Overview

The Citroën C4 is very temptingly priced for a coupé SUV, while comfort and refinement also impress. On the minus side, you pay for its cushiness with roly-poly handling and there are more practical cars and SUVs available. Our recommended engine is the PureTech 130 petrol and mid-spec Plus is our favourite trim.

  • Comfortable ride
  • Little wind or road noise
  • Well priced
  • Body lean in bends
  • Boot is on the small side
  • No alarm on entry-level model
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Our Pick

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Citroen C4 1.2 PureTech [130] Plus 5dr review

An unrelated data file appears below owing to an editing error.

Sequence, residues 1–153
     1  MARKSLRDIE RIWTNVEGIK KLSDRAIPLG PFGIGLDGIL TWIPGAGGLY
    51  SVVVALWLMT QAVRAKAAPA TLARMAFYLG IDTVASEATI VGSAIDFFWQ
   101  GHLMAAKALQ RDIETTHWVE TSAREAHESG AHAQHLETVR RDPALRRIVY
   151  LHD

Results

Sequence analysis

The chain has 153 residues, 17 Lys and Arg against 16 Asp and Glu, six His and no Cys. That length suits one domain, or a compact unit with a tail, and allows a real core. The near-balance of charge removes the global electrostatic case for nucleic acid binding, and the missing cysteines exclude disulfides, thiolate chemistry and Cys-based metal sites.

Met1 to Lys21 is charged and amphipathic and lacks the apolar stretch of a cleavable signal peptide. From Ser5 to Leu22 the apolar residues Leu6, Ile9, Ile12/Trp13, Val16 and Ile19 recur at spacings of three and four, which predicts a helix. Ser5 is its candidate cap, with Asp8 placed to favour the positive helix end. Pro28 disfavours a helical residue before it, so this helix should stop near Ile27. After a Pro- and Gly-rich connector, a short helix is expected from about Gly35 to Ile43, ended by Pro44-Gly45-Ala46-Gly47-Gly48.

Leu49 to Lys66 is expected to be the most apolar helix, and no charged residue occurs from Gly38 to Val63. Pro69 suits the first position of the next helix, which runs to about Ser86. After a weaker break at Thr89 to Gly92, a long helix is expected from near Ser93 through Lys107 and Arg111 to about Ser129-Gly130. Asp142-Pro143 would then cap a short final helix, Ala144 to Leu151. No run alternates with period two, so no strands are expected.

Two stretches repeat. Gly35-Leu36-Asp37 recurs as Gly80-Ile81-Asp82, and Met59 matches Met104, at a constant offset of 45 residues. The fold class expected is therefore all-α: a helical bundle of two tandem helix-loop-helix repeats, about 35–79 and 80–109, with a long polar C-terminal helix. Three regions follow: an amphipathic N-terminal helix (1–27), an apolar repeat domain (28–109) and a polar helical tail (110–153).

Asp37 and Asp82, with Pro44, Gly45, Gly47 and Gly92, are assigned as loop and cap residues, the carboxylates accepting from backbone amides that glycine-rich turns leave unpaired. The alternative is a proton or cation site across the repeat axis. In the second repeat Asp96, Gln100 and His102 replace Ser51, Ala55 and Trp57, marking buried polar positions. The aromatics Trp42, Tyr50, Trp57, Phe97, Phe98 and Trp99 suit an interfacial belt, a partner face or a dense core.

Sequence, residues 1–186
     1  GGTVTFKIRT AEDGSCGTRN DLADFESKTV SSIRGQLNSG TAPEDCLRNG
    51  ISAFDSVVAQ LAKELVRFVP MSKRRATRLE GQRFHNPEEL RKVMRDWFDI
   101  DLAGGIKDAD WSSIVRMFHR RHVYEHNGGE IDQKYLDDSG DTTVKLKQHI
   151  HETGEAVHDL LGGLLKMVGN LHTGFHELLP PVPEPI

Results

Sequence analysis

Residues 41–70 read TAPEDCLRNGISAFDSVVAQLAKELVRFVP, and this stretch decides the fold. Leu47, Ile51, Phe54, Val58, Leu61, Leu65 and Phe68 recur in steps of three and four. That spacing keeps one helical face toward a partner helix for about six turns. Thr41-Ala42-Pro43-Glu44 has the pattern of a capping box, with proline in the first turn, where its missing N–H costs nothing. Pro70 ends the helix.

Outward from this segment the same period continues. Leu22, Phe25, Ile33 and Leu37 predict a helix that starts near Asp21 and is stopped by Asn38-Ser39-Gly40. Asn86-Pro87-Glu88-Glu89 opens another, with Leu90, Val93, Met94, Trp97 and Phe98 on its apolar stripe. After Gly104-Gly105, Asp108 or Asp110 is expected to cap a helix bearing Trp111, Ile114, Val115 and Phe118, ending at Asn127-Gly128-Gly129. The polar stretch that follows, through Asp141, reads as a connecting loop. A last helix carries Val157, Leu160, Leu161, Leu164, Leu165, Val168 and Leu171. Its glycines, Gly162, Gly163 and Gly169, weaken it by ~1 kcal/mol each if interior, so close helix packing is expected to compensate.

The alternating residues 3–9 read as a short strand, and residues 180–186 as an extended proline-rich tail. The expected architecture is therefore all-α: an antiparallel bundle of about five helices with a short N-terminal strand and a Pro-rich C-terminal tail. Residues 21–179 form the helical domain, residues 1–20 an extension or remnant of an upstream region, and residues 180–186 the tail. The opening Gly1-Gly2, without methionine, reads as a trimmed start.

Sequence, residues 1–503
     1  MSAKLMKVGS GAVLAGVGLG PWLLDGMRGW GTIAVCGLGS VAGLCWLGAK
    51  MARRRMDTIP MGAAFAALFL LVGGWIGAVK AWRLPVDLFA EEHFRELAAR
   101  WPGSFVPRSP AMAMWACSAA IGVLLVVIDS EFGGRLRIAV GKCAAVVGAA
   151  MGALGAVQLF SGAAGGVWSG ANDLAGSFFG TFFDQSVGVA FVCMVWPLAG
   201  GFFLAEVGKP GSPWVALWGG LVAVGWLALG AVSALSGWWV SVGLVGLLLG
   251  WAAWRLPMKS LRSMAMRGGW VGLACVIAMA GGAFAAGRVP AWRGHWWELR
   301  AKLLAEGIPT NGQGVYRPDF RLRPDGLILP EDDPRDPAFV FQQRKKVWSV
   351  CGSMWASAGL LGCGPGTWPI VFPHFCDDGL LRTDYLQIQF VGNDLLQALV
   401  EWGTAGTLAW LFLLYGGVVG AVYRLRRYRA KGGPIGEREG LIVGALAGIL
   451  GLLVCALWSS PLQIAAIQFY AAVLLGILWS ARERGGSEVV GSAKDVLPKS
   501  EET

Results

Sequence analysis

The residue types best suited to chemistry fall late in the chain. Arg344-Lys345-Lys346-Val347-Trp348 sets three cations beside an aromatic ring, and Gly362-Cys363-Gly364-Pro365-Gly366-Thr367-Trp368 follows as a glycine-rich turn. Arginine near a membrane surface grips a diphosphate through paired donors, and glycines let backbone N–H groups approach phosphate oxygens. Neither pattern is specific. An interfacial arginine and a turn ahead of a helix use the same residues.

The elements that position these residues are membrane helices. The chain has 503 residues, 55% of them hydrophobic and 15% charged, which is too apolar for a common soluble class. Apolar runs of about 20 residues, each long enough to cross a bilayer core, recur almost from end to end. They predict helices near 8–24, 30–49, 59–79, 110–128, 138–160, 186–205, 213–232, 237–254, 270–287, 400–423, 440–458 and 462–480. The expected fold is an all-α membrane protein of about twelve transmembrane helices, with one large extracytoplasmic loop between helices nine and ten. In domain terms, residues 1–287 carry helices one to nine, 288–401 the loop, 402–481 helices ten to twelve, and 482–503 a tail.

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Performance & drive

What it’s like to drive, and how quiet it is

Engine, 0-60mph and gearbox

The Citroën C4's single petrol engine option is a 1.2-litre turbo, but it's available in two outputs: 99bhp and 128bhp.

The 99bhp version is a capable performer (despite what its 10.8 seconds 0-62mph time might suggest) because it has lots of mid-range grunt. But if you regularly carry passengers, you'll want the 128bhp engine.

That cuts the 0-62mph time to 8.9 seconds, which doesn't exactly make it a rocket ship but does get you up to 70mph easily enough. It pulls harder from low revs than a Mazda CX-30 e-Skyactiv petrol and would be our pick. 

The other traditional engine available in the C4 is a 1.5-litre diesel producing 128bhp. Badged the BlueHDI 130, it has even more low to mid-range shove than the 128bhp petrol engine, making it an effortless motorway cruiser. 

You can also get an all-electric version too – to find out about that, see our Citroën ë-C4 review.

Suspension and ride comfort